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Universities in Scotland: responding to change Kirsty Conlon Head of Learning & Teaching & Widening Access Policy Universities Scotland 16 May 2012.

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Presentation on theme: "Universities in Scotland: responding to change Kirsty Conlon Head of Learning & Teaching & Widening Access Policy Universities Scotland 16 May 2012."— Presentation transcript:

1 Universities in Scotland: responding to change Kirsty Conlon Head of Learning & Teaching & Widening Access Policy Universities Scotland 16 May 2012

2 Universities in Scotland: Strengths 5 universities in the world’s top 200 (Times Higher Education rankings) Overall student satisfaction 86% (National Student Survey) Research power: 2nd highest in world for citations per paper, 83% of Scottish research internationally excellent (Scottish Government 2009 and RAE)

3 Universities in Scotland: Diversity Diverse institutions, diverse missions Diverse student body: – 1 in 10 enter with advanced standing having studied an HNC or HND – 2 in every 10 enter their degree programme with advanced standing into years two or three – 4 in every 10 study part time – Proud to welcome students from full diversity of background: 31% from more challenged socio- economic backgrounds

4 New curriculum for Scottish (state) schools More about delivery than content and particularly enabling young people to be: – Successful learners – Confident individuals – Responsible citizens – Effective contributors Expected to lead to more diversity: – How schools configure the senior phase – Patterns of qualifications – Co-curriculum being emphasised more SR settlement Policy changes: Curriculum for Excellence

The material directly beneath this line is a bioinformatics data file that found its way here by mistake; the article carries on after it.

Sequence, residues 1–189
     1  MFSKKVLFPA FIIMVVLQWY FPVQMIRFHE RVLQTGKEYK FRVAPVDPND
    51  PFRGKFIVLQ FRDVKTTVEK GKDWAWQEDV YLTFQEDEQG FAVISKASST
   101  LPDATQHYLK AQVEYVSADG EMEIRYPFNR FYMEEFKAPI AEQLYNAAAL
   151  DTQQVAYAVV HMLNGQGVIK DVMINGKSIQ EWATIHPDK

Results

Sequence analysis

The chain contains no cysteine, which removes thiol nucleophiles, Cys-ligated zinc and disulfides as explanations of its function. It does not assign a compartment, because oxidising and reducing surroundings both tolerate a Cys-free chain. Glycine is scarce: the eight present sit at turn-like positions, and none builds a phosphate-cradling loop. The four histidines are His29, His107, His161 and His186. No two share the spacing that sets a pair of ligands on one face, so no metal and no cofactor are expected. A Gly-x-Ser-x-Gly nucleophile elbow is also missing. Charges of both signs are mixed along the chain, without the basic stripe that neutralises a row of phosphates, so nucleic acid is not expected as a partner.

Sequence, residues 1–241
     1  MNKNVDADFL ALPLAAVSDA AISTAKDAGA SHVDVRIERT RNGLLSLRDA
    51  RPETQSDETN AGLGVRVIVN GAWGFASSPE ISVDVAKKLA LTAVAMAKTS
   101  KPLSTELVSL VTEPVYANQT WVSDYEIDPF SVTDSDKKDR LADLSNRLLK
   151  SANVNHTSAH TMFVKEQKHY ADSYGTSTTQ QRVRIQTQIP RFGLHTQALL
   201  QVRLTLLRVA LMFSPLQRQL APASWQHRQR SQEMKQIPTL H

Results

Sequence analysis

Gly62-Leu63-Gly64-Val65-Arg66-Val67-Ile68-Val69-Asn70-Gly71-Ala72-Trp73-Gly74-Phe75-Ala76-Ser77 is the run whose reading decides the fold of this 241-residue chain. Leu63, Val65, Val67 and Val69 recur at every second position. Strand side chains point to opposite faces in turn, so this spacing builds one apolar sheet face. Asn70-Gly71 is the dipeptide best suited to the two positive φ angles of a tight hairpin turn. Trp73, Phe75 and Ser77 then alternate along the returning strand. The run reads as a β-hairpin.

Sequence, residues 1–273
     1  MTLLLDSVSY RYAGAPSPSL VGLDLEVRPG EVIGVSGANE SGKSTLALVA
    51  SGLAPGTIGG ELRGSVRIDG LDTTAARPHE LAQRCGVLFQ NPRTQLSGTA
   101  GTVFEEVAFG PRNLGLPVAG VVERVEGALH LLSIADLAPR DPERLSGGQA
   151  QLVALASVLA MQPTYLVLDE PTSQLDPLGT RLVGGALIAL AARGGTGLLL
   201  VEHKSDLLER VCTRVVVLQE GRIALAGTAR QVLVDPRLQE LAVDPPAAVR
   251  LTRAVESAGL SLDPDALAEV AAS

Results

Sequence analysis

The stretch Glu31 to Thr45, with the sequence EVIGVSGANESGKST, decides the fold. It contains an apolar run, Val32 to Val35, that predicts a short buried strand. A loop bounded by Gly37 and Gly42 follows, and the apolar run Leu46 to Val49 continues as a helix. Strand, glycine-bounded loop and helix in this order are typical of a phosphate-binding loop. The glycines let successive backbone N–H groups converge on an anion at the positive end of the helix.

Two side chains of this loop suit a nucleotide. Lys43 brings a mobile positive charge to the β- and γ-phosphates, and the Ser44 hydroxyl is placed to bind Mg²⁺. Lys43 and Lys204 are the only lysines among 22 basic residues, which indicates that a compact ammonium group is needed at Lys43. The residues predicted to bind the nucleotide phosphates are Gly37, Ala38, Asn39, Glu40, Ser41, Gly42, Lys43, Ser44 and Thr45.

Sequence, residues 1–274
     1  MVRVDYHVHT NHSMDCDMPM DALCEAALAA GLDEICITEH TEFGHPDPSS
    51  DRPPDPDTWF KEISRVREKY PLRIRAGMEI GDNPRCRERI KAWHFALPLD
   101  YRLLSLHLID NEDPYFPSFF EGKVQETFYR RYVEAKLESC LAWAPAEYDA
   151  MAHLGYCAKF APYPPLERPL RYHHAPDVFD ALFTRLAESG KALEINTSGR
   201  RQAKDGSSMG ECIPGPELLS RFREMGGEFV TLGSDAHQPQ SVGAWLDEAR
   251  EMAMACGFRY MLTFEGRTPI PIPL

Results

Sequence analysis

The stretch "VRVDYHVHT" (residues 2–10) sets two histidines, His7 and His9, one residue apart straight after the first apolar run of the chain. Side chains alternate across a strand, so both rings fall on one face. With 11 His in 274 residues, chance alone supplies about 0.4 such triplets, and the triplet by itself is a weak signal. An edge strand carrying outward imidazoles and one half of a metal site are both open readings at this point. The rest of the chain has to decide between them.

5 – Scottish Government desire for universities to respond to CfE, particularly: Admissions Learning and teaching – “Beyond the Senior phase” – report from Universities Scotland to be published on 18 May. – Identifies actions for universities. – Welcomed by stakeholders so far. Curriculum for Excellence & Universities

6 CfE & Admissions Each university makes own admissions decisions. All universities committed to fair access Beyond senior phase - 2 big recommendations: –University leaders affirm that they continue to be committed to fair admissions policies with equal consideration of suitable candidates irrespective of senior phase opportunities. –Review of admissions policy and practice within each institution, to ensure this can happen

7 Universities regularly review programmes’ content and learning & teaching methods Already accommodate diverse learners (Scottish, RUK, EU, international, mature...) Scottish sector involved in Enhancement Themes –Combination of institution and national action –Previous theme: Graduates for the 21 st Century –Current theme: Developing & Supporting the Curriculum CfE & Learning & Teaching

8 L&T: Graduates for the 21 st Century Graduate attributes developed by all universities What they wanted graduates to get from study over and above subject content. Different in all universities. Common themes, which are similar to CfE. Also looked at how to help students develop these attributes

9 L&T: Graduates for the 21 st Century 2 Graduate attributes in Scottish universities Lifelong learning Research, scholarship & enquiry Employability & career development Global citizenship Communication & information literacy Ethical, social & professional understanding Personal & intellectual autonomy Collaboration, teamwork & leadership

10 L&T: Developing & Supporting the Curriculum Different strands, but CfE highlighted as issue of importance. – Briefings – Symposium event in June Desire to be ready

11 Not new. Various examples: –Delivering school qualifications –Delivering university courses OUS – YASS UHI & Highland council East Lothian Hospitality & Tourism academy Universities & Schools working together

12 Existing Activity: work with schools Dundee City Campus Involves Dundee’s two universities in the delivery of “minority Highers” and Advanced Highers Increases choice for pupils and saves money